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NO FEAR OF THE EVIL EYE: Aristotle, Einstein, and Mussolini

Eighth installment: Chapter Eight of Part I: Envy.   Forum comments welcome!

ARISTOTLE, EINSTEIN, AND MUSSOLINI

aristotle-einstein-mussolini

Ever play the Ultimate Dinner Party parlor game – where you get to imagine inviting people from history to converse over dinner and explain why them? At such a party, one conversation I’d most like to hear would be between Aristotle and Einstein. (And no, Mussolini would not be invited – we discuss him after dinnertime.)

Einstein would first have to bring Aristotle up to speed with what science had learned since the 4th century BC.  In particular, he would blow Aristotle’s mind about inertia.

Once Aristotle grasped Newton’s First Law explaining motion – that something will stay put unless pushed, but once pushed will keep moving until and unless something else stops it – it would alter his entire concept of the structure of the universe.

Aristotle thought that for something to move it had to be continuously pushed, and if the pushing stopped so would its moving.  With inertia, his concept of the Universe would thus have no need of an “Unmoved Mover.”[1]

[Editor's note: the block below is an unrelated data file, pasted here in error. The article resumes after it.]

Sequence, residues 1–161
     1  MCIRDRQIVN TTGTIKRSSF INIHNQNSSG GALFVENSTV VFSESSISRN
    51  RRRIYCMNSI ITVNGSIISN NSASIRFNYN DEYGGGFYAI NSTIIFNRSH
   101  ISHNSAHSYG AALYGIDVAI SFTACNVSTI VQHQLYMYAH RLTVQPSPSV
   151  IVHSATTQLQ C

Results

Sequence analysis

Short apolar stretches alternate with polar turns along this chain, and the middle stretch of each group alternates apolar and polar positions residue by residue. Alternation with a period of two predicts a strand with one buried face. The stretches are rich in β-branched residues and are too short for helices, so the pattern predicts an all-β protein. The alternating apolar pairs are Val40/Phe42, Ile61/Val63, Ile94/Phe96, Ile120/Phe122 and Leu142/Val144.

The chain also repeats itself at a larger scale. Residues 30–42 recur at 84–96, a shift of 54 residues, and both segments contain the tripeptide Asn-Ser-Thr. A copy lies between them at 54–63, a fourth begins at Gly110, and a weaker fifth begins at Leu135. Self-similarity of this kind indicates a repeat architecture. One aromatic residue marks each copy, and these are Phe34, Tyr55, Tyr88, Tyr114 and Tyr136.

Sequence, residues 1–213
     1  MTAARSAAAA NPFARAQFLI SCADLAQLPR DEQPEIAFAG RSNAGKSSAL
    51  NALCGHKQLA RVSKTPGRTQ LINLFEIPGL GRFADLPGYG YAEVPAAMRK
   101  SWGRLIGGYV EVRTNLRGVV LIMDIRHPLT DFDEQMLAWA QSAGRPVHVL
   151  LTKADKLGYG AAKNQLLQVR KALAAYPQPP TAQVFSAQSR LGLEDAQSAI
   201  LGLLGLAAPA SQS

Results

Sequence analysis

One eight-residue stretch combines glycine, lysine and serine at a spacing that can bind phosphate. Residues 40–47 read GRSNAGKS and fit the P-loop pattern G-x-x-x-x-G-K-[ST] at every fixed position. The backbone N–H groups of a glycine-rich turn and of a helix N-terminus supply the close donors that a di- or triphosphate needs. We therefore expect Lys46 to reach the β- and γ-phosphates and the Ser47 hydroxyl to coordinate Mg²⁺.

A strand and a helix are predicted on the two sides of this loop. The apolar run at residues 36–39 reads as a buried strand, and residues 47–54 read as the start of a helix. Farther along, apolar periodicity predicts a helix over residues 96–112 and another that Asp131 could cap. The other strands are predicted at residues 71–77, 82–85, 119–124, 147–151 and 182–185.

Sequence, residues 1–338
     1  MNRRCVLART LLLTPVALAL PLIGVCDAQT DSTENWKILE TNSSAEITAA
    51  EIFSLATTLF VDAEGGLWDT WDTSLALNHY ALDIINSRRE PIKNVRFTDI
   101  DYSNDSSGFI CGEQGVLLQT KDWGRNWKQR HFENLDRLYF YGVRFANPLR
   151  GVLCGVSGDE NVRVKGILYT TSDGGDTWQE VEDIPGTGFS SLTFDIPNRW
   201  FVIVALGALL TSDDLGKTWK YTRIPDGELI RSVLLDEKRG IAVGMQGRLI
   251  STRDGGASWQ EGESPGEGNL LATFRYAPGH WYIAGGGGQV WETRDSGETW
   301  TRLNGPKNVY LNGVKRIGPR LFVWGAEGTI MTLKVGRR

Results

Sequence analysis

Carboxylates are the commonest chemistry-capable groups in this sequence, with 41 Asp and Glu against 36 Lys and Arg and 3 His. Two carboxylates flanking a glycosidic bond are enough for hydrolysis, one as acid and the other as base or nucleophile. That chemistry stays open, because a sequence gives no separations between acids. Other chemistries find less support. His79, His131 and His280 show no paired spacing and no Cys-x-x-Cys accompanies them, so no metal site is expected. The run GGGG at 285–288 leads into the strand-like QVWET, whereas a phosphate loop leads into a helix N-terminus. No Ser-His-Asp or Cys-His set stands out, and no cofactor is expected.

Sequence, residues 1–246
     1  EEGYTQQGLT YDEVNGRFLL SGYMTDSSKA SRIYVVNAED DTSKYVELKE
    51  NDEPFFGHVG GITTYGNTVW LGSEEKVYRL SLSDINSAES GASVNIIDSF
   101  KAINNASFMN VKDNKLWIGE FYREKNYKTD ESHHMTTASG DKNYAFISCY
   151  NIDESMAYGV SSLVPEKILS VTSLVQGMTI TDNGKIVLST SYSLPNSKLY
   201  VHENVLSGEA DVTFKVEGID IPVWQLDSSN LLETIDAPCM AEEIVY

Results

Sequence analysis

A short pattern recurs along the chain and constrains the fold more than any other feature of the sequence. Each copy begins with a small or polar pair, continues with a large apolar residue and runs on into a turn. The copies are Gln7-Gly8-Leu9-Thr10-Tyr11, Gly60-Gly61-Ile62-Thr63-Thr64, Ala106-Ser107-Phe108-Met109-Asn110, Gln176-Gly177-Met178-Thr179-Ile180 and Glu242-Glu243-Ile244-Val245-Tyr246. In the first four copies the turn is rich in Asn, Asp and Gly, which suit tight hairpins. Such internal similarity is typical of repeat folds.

But once he digested this and Einstein paused to take a breath, Aristotle would ask him – “So, all of us here at dinner are famous – what are you famous for?” When Einstein answered, “The Theory of Relativity,” Aristotle would respond: “What is it that’s relative?”

Time is relative,” comes the reply. “People, or ‘observers,’ experience time differently if they are moving differently from one another, or are in what I call different ‘inertial reference frames.’ Since we’re all in one big such frame called Earth, time is the same – but for people outside it, in a spaceship, say, it would be different.”[2]

“So time is, as I always maintained, a ‘measurement of motion,’ and if the motion is different for one set of people than another, then time will also be different for them?” Aristotle would inquire.

“Exactly!” says Einstein with a smile. “Which means there can’t be anything at absolute rest – it’s always moving relative to something else – for if something were at absolute rest, there would be…”

They both say together with a laugh… “No time!”

After another glass of wine and perhaps a little small talk, Aristotle would want to press further. “Still, nothing is simply relative, just like nothing is simply ‘large.’ A thing can be ‘large’ only in comparison to something else. So there must be something constant, something that always stays the same and isn’t relative, to hold your “Relativity’ theory together.”